In general, very brief (think milliseconds) collisions have higher accelerations and drawn-out (tenths of a second) collisions have smaller accelerations. Coming to a stop from a high speed results in a greater acceleration than coming to a stop from a slow speed, if both collisions happen in the same amount of time. Measuring accelerations using a sensor can be a good way to investigate collisions that can lead to concussions.

Measuring Collisions

The SI units for acceleration are m/s2, but many people like to measure acceleration in multiples of the acceleration of an object in freefall near Earth’s surface, known as g. The value of g is 9.8 m/s2. The Go Direct® Acceleration Sensor can be set to measure in terms of g, or in units of m/s2 or N/kg.

Bringing Collisions and Concussions into the Classroom

Here are a few ideas to help you build hands-on investigations to help your students understand the physics of collisions and concussions.

Classroom Idea 1

First, our partners at Pivot Interactives have an activity in which students measure the compression of different types of foam padding and the acceleration of a heavy mass as it comes to a stop against the foam. Students can choose to analyze different foam types, foam densities, and collision speeds from a collection of high quality videos.

Check Out The Video and Get a Free Trial to Pivot

Classroom Idea 2

Recent medical literature suggests that concussions may occur when brain tissue experiences accelerations in helmeted impacts upward of 66 g (25% probability of moderate traumatic brain injury, or mTBI.) Concussions are also more likely the higher the acceleration. Task your students with an experiment that challenges them to use an empty helmet or a soccer ball and Go Direct Acceleration to design a method to measure the accelerations that happen on the field. Once they can measure accelerations, they can investigate ways to minimize accelerations during collisions.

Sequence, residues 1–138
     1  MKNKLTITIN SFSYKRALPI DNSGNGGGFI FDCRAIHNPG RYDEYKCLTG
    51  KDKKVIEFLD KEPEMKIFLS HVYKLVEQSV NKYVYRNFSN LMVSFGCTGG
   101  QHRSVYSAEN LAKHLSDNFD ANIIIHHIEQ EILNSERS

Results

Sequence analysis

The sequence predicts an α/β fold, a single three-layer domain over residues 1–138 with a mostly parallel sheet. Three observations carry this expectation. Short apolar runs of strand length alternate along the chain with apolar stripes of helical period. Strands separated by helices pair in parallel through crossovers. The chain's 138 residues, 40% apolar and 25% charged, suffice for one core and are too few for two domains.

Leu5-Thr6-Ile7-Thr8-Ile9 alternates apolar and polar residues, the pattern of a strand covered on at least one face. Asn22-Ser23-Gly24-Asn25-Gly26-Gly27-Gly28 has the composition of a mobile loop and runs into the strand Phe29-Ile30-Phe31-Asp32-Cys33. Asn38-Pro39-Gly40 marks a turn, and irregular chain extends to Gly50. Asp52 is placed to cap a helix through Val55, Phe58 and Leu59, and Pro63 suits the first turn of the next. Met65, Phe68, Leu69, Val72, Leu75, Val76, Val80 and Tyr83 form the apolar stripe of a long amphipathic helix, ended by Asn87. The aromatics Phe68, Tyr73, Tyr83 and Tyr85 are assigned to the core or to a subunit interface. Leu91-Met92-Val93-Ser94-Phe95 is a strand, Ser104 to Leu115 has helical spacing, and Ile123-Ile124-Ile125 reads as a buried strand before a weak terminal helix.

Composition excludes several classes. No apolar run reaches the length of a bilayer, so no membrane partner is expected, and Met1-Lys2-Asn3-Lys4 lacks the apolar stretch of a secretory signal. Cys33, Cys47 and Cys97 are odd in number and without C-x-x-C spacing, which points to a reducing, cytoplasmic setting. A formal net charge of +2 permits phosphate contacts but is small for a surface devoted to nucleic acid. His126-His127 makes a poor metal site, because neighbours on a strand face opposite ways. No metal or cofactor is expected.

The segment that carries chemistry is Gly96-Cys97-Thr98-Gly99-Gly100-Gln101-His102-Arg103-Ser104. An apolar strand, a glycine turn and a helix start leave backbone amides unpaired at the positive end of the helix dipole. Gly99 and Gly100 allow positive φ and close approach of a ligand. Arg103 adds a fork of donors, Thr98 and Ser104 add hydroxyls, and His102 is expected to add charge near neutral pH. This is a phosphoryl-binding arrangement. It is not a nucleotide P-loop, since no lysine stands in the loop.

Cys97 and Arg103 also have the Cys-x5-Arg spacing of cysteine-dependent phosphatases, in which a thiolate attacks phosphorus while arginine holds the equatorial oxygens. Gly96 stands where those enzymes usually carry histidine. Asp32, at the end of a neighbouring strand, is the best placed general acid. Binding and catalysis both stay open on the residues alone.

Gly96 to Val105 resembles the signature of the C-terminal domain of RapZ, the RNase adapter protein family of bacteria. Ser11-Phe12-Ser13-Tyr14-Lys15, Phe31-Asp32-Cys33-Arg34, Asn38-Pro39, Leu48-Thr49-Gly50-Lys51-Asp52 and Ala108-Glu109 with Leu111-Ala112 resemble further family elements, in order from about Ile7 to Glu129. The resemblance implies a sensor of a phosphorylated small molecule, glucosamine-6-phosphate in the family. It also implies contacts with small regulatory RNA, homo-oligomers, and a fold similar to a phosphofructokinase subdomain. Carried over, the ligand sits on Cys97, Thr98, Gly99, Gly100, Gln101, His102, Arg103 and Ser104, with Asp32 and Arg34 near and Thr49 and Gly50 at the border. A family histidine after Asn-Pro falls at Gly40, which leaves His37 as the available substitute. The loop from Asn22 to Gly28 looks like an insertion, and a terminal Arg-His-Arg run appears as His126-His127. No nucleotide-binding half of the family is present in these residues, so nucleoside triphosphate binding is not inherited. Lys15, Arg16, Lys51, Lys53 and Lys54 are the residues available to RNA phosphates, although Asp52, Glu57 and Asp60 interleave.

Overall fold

Helpful Experiment Prep Tips

  • In order to set up such an experiment, we recommend switching the sensor channels from the default X-axis acceleration channel to the X-axis acceleration-high channel, which measures in the range of ±200 g.
  • If the object you are testing may twist or turn during the experiment, we recommend using all three of the high acceleration channels.
  • Use the mode settings to increase the sampling rate of the sensor to 1000 samples per second, as high accelerations can happen over very short periods of time. Note that with 3 channels collecting data at 1000 samples per second, the app response may slow down. The sensor data collection will not be affected, but the data may take a minute to appear on your app screen.
  • If you activated the X-, Y-, and Z-axis acceleration-high channels, you will need to determine the total magnitude of the acceleration. Create a new calculated column and apply the magnitude formula (the magnitude of a vector is the square root of the sum of the squares of the perpendicular components of that vector). Use the three acceleration columns as X, Y, and Z in the expression. Graph the magnitude of the acceleration vs. time.

    Here is the formula you select for the calculated column:

    Graphical Analysis 4 screenshot of calculated column formula